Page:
Photography

AMERICAN JAZZ MUSEUM – OFFICIAL PHOTOGRAPHY

American Jazz Museum Photographers provide professional quality photographs for use by the museum in its efforts to promote and market the mission areas of the organization. Photographers are not typically paid for taking photographs at most events, but are provided in-kind access to take photographs at American Jazz Museum concert events, celebrity photo opportunities and education programs. These hi-resolution photographs are free to use for non-commercial purposes with attribution where provided. Download various sizes at: American Jazz Museum Flickr Photostream

Official Staff Photographers

ellingjatg2013

STEPHEN BUTLER

Photographer Stephen Butler is the Photographer in Residence at the American Jazz Museum in Kansas City, Missouri and owner of Poetic Imagery Photography. His work is part of the Museum’s collection. Mr. Butler also works with many Jazz musicians to merchandise particular photographs that reflect their image and energy. Poetic Imagery is his full-service photography company based in the Kansas City metro city of Olathe. They shoot in the Kansas City area as well as on location around the country. They can be found on the web at: www.poeticimageryphotography.com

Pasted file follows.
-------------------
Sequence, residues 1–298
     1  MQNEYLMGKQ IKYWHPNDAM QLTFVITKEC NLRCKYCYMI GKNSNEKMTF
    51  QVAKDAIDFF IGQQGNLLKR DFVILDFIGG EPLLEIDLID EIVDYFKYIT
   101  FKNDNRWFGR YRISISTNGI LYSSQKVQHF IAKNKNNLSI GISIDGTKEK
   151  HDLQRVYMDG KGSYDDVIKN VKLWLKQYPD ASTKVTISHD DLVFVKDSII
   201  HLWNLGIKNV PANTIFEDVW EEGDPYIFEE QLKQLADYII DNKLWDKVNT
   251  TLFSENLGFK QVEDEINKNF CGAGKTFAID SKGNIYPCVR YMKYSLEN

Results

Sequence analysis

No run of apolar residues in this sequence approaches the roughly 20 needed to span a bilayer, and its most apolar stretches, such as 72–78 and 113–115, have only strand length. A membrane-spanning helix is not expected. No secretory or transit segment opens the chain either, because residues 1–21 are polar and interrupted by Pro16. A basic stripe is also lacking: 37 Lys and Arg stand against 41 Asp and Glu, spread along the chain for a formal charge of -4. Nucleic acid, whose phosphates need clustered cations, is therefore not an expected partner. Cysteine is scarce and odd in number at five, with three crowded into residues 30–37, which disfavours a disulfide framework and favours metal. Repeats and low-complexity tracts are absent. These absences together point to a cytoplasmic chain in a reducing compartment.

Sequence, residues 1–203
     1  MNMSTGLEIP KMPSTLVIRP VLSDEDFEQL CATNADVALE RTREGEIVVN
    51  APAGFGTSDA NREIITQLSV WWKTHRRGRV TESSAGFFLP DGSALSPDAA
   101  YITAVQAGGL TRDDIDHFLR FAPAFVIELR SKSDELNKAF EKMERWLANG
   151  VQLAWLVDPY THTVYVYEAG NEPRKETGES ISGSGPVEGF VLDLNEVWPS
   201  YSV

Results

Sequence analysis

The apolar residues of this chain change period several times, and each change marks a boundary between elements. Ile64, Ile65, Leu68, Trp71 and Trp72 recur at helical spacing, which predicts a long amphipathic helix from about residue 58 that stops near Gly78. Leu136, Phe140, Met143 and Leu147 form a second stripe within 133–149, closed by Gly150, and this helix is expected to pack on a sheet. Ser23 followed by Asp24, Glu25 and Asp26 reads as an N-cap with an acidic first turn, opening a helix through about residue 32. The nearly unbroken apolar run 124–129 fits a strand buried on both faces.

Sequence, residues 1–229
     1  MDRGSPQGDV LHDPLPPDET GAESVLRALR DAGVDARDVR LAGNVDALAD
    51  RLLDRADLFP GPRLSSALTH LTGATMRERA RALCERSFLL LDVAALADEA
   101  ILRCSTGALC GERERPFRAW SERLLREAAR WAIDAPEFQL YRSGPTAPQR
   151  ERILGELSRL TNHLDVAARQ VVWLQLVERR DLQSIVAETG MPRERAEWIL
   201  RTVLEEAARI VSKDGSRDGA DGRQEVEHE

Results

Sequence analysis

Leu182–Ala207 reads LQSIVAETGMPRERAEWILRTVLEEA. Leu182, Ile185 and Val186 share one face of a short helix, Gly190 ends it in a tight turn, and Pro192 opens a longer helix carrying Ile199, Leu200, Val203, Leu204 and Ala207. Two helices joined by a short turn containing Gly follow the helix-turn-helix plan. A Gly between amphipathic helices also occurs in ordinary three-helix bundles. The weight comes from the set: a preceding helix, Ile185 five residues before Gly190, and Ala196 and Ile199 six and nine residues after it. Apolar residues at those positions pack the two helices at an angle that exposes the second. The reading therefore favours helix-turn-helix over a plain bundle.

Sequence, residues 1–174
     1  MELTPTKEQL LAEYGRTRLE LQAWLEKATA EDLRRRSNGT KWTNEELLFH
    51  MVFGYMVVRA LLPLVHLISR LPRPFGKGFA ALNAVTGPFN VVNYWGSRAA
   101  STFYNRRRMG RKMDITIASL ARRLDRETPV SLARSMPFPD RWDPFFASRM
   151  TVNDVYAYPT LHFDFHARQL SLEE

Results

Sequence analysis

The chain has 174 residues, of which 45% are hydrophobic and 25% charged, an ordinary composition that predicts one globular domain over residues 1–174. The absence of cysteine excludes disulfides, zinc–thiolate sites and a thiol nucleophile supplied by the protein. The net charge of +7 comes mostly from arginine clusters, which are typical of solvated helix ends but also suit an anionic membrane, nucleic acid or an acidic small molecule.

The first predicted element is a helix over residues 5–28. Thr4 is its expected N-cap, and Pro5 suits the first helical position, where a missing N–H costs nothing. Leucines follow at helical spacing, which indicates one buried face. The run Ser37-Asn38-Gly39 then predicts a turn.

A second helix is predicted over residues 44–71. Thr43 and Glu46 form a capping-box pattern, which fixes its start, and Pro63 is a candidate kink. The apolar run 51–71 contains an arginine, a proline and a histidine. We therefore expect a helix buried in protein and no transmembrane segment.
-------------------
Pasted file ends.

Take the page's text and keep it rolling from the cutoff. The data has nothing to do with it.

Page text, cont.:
- – -


BOB BARRY

Bob Barry – Jazzography In Black & White.

- – -

JAMESWARDPHOTOGRAPHY
JAMES WARD

James Ward Photography.

- – -

DialloJavonneFrench
DIALLO FRENCH

The filmmaking and photography of Diallo Javonne French.

- – -

1016681_10152046379243289_83517690_n
-
convergence6
CHRIS BURNETT

American Jazz Museum Marketing Communications Manager: Burnett Music and Publishing.

- – -

PERMISSION: All video and still photographers who wish to take pictures at any American Jazz Museum hosted events and venues, must receive written permission to do so from the Marketing Communications Department before doing so. If your request is approved and permission is granted to video or photograph on premises, certain guidelines must be followed. Violation of any terms and guidelines could result in loss of authorization to take pictures at the American Jazz Museum.